Skip to main content

A separate, publicly funded Catholic school system is an anachronism in a multicultural 21st-century society. If that was not already plain to see, then recent reports about the Catholic system should make it so.

First, we learned that many Catholic school boards in Ontario are going out and actively recruiting non-Catholic kids. Reporting by The Globe and Mail’s Caroline Alphonso showed that the boards are opening their doors to non-Catholics in order to boost enrollment and the per-student provincial grants that come with it. According to her analysis of school districts that provided full data, the number of non-Catholic students rose 18 per cent in the past four years and non-Catholics now make up 8 per cent of the student population in Catholic elementary schools.

School authorities went out of the way to thwart her investigation, and no wonder. Catholics schools are supposed to be for, well, Catholics. If anyone can get in, and more and more students are non-Catholic, what reason is there for maintaining a vast network of separate schools?

Story continues below advertisement

Now comes another straw for the camel’s back. The latest story originates in the region of Halton, west of Toronto. Last month, the Catholic board there banned donations to groups that “publicly support, either directly or indirectly, abortion, contraception, sterilization, euthanasia, or embryonic stem-cell research.”

That threatened to sideswipe any number of worthy causes, from women’s shelters to umbrella groups, such as the United Way, that distribute money to other organizations. Students protested. Some charities complained. The Education Minister said she was concerned about a lack of community consultation.

The reason for the fuss is obvious. It isn’t that anyone wants to stop people of faith from upholding their principles. If churches or church-going individuals want to deny donations to organizations that offend their beliefs, that of course is their right. The problem comes when those that are making these choices are the leaders of government-supported educational institutions that accept billions of dollars in public funds. Taxpayers begin to ask: Is this what I am paying for? Do I want my money going to those who are against something as basic as access to contraception or as important as stem-cell research? These are reasonable questions.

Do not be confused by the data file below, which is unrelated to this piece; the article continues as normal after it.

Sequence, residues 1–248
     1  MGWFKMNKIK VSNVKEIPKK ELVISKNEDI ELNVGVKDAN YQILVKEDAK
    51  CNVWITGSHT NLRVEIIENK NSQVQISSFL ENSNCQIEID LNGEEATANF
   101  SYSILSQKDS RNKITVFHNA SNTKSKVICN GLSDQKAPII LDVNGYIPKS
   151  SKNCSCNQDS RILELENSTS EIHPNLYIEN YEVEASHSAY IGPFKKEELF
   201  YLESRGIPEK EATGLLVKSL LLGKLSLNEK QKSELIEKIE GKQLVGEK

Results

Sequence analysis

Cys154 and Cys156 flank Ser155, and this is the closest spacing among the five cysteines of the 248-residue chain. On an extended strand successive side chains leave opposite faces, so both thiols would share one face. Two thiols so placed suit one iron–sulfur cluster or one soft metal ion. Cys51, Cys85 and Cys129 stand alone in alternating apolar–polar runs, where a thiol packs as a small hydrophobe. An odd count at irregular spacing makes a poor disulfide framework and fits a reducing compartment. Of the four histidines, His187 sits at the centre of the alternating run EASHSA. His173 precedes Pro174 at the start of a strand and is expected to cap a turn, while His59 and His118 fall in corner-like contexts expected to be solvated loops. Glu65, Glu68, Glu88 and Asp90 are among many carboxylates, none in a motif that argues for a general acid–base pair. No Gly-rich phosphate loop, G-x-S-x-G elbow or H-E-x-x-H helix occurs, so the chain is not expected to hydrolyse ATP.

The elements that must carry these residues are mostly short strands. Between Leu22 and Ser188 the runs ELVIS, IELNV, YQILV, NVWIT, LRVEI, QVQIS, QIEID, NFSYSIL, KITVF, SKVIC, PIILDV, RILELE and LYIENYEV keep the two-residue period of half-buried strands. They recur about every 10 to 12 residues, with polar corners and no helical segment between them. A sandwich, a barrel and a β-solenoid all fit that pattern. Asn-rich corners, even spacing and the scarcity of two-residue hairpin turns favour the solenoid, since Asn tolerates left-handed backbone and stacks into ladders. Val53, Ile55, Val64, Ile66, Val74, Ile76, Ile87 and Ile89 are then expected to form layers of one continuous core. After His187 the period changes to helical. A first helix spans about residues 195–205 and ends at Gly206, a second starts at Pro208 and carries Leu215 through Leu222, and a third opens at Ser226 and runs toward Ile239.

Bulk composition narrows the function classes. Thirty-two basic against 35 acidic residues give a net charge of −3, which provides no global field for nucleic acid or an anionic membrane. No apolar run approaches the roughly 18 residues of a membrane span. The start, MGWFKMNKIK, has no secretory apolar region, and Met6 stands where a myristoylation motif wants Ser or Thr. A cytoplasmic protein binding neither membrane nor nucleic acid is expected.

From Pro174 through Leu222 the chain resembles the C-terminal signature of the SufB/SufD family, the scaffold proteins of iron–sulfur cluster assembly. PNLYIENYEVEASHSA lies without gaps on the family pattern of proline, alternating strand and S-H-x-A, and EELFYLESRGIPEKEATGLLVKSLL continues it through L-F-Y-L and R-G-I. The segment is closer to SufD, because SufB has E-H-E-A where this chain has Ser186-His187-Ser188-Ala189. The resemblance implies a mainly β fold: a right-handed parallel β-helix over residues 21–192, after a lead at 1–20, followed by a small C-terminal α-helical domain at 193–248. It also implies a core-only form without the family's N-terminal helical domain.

It was the same a few years ago, when some Catholic boards tried to stop gay-straight alliances, student-run clubs that strive to make schools safe and accepting for LGBTQ youth; or last year, when Catholic-school authorities in Alberta (which also has publicly supported separate schools) complained about a sex-ed curriculum that was too permissive for their taste on issues such as homosexuality.

The contradictions of maintaining a government-backed religious-school system are piling up. How, to take another example, do Catholic school boards justify hiring only Catholic teachers while at the same time working overtime to recruit non-Catholic students? Is that not a form of discrimination – one that, by the way, denies jobs to many qualified teachers and denies talented teachers to many students?

All of these issues just underline how little sense it makes in 2018 to have a separate system of religious schools underwritten by public money. It is unequal: Jewish or Hindu or Muslim schools don’t get government funding. How is that fair in a country that pats itself on the back for giving every citizen the same breaks regardless of background? It is expensive: running two giant school systems side by side – sometimes even two schools side by side, one Catholic, one public – does not come cheap. It is increasingly awkward: the values of Catholic authorities are bound to clash with changing views in the world outside the schoolyard, even if Catholic views themselves are evolving. By accepting the public dollar, Catholic schools open themselves to a scrutiny they would not get if they stood on their own.

Most of all, it is backward. The separate-school system stems from a long-ago compromise between French and English that has no relevance to a society made up of people from every corner of the planet professing every belief under the sun. The bishops of old would shake their mitred heads if they could see what Canada has become. It is time to embrace that new reality and wind up the separate school system.

Report an error Editorial code of conduct
Comments are closed

We have closed comments on this story for legal reasons or for abuse. For more information on our commenting policies and how our community-based moderation works, please read our Community Guidelines and our Terms and Conditions.

Due to technical reasons, we have temporarily removed commenting from our articles. We hope to have this fixed soon. Thank you for your patience. If you are looking to give feedback on our new site, please send it along to feedback@globeandmail.com. If you want to write a letter to the editor, please forward to letters@globeandmail.com.
Cannabis pro newsletter